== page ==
Have you ever been distracted during a public prayer?  Can you imagine how hard it would have been to keep your eyes closed during this prayer of Christ?  Several years ago, I remember sitting in a cold car in an abandoned hospital parking lot with my dear wife as we processed the hollow ache of an unexpected miscarriage together.  Oh, it is so hard to focus on the spiritual when our physical and emotional pain is so raw and searing!  Faith in the face of grief means taking your senses of smells and sight off of your circumstances and placing them exclusively upon your CHRIST.

Christ concludes with words of freedom.

The home of Paul Laurence Dunbar, noted poet, is open to the public in Dayton, Ohio. When Dunbar died, his mother left his room exactly as it was on the day of his death. At the desk of this brilliant man was his final poem, handwritten on a pad. After his mother died, her friends discovered that Paul Laurence Dunbar’s last poem had been lost forever. Because his mother had made his room into a shrine and not moved anything, the sun had bleached the ink in which the poem was written until it was invisible. The poem was gone. If we stay in mourning, we lose so much of life.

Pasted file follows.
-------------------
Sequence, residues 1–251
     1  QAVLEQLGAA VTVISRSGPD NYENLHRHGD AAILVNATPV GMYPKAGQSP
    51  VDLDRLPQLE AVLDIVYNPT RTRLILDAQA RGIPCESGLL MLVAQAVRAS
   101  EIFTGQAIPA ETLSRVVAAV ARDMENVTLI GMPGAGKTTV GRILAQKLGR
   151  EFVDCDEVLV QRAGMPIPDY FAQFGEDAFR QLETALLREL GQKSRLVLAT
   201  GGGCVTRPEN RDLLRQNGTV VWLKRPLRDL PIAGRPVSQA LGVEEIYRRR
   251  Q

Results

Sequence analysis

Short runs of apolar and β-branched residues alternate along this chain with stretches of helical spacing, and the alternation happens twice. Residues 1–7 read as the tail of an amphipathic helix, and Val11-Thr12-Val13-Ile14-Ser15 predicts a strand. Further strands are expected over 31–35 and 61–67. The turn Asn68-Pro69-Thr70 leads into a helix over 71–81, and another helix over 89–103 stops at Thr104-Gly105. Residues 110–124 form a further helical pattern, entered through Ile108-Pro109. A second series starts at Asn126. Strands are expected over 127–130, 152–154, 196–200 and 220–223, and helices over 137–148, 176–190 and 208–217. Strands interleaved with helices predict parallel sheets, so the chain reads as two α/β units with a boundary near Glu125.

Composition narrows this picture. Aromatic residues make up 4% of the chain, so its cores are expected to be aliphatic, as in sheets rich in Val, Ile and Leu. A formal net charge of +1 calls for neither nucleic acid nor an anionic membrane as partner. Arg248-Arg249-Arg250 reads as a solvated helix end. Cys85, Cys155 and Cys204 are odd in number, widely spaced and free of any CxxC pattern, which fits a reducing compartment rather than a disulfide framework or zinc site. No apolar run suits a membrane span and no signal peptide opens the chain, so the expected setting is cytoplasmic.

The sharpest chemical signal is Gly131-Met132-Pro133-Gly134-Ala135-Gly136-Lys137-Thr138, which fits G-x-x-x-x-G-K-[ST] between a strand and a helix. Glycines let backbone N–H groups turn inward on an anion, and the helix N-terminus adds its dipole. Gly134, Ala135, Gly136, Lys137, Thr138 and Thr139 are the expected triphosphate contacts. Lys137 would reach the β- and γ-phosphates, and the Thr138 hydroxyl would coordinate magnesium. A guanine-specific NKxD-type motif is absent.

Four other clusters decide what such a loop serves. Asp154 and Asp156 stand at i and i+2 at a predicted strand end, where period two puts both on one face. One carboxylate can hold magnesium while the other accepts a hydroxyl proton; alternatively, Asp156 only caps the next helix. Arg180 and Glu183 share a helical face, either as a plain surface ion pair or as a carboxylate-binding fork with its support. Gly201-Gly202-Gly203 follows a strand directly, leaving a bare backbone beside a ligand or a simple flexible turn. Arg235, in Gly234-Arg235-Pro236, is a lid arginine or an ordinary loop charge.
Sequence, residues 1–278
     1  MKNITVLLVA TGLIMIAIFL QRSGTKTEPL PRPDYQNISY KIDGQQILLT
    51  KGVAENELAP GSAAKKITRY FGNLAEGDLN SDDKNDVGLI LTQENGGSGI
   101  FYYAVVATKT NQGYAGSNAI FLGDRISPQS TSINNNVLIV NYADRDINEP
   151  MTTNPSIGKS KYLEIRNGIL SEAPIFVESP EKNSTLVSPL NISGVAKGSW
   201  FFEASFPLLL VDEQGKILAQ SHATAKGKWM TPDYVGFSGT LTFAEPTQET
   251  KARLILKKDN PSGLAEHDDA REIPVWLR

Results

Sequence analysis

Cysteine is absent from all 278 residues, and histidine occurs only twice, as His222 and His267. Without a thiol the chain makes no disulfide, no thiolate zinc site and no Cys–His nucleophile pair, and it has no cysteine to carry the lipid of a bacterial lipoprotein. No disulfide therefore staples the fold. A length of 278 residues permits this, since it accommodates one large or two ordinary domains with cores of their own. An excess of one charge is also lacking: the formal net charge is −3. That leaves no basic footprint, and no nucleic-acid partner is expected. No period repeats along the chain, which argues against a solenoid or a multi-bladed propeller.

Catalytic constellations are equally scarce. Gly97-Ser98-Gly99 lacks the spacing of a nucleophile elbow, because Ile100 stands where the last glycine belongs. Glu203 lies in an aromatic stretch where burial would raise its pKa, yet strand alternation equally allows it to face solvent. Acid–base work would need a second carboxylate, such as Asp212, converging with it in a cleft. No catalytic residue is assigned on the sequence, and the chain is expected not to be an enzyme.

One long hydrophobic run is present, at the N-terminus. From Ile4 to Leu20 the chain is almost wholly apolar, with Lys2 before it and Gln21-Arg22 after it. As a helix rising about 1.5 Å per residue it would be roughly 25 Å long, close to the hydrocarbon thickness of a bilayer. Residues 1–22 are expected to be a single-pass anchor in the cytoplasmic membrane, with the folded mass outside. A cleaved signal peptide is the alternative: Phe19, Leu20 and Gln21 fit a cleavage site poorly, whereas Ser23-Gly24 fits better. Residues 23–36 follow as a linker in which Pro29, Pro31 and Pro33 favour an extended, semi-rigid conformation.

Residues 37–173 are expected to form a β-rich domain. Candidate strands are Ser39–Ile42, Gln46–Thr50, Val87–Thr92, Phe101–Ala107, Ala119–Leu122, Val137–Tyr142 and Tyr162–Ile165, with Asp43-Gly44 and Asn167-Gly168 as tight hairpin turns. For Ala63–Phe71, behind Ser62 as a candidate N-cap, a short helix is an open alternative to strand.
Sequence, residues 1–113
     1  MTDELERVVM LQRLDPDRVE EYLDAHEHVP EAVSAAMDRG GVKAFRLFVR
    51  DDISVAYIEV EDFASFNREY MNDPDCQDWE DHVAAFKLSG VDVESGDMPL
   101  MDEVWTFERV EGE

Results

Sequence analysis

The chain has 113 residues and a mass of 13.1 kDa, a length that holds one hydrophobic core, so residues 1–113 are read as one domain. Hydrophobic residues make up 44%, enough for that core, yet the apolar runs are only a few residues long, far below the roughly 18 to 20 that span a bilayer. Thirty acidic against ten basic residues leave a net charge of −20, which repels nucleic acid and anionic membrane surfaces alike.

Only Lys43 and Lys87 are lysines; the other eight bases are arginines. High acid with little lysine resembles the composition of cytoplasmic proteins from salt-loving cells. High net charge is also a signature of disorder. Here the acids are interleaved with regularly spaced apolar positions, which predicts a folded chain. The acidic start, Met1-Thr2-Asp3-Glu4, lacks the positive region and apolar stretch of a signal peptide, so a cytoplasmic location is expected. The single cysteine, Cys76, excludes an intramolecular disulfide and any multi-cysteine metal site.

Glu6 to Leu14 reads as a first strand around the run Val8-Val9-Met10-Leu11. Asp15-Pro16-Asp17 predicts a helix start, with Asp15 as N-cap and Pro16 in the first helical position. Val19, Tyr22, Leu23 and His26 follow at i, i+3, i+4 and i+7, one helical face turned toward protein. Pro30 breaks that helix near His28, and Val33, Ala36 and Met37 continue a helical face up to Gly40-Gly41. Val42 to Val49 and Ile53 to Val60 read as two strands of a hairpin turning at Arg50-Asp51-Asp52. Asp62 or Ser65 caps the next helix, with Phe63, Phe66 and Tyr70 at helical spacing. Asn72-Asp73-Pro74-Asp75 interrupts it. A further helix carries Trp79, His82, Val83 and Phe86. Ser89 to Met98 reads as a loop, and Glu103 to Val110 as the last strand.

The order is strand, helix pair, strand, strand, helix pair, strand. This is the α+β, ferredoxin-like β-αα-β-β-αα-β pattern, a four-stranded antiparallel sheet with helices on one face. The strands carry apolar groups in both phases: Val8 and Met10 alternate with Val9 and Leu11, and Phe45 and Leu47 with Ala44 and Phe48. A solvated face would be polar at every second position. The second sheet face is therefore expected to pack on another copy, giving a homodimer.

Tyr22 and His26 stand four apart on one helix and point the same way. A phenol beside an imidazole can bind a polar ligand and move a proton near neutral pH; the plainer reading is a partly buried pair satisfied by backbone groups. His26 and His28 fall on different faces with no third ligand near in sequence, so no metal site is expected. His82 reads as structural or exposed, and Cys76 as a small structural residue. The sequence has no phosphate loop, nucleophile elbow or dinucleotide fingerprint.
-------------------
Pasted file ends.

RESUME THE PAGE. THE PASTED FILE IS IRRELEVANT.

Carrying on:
Although God does not rush our grief, He ALWAYS intended to release us from grief!  The Apostle John later writes,  “And God shall wipe away all tears from their eyes; and there shall be no more death, neither sorrow, nor crying, neither shall there be any more pain: for the former things are passed away” (Re 21:4).  When God is “in the mix,” any grief you experience will ultimately be eclipsed by His fulfilled promises.

He boldly declares, “You are not to cope” (43-44).  Have you ever seen a pet with the “dreaded head cone?”  What is the reason-to keep them from licking their wounds!  You and I must allow God to bring healing where we are tempted to commiserate and wallow in familiar sorrow.